Evita's?Are the architectural balcony-like features in the center of the even floors just decorative or are they actually used for something?  Perhaps for bunting to go along with the flagpoles on alternate floors?  They appear too narrow to use as balconies (unless one is singing "Don't Cry for Me, Argentina.")  They are nice touches to the building -- does anyone do that sort of thing anymore?
[Ask Juliet. - Dave]
As it looks nowAs “the Commonwealth”
3-star then and nowThe Commonwealth is a 3-star hotel.  It has aged well.  Judging by writeups in a 1914 edition of The Bankers Magazine and the 1920 Official Hotel Red Book and Directory, it began as a 3-star hotel.  And, as advertised, it has proven to be fireproof.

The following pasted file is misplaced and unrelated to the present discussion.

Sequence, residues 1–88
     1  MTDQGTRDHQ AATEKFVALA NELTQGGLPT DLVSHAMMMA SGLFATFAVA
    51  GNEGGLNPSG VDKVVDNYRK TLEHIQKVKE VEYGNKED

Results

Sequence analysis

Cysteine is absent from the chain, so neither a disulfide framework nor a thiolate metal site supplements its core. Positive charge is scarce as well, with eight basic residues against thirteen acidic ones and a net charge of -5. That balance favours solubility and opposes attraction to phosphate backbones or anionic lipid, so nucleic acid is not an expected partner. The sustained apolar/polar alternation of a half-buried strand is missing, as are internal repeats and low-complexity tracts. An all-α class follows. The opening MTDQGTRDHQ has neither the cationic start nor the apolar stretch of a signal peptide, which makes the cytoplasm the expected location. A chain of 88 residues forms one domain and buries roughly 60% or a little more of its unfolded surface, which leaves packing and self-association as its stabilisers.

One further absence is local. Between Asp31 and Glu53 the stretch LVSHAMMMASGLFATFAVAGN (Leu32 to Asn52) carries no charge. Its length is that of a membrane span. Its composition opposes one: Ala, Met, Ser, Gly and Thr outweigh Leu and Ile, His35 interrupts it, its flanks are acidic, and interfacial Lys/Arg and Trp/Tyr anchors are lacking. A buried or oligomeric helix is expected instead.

GlenJay is correct -- Southern comfort food is not healthy; but mmmmmm ... it is some kind of good.  Tofu fried chicken is never gonna give me comfort.
My guess isIt's a 1908 or 1909 Pope-Hartford Touring
(The Gallery, DPC, Richmond)

Ghost Coach: 1930
... train crash -- at Quintinshill during the first World War -- I believe more died in the fire afterward than in the impact. 4928 ... other cars would be removed first. In the American Civil War, cars from other railroads were often borrowed to move troops. This ... 
 
Posted by Dave - 07/22/2012 - 7:02pm -

Washington, D.C., or vicinity circa 1915-1930. One of three H&E glass negatives labeled "Car exterior. Washington & Old Dominion R.R." Harris & Ewing Collection glass negative. View full size. The others are here and here.
Mail CarThat was a mail car, usually the first car behind the tender car.
All Aboard for Petticoat Junction!But where's the rest of the Hooterville Cannonball?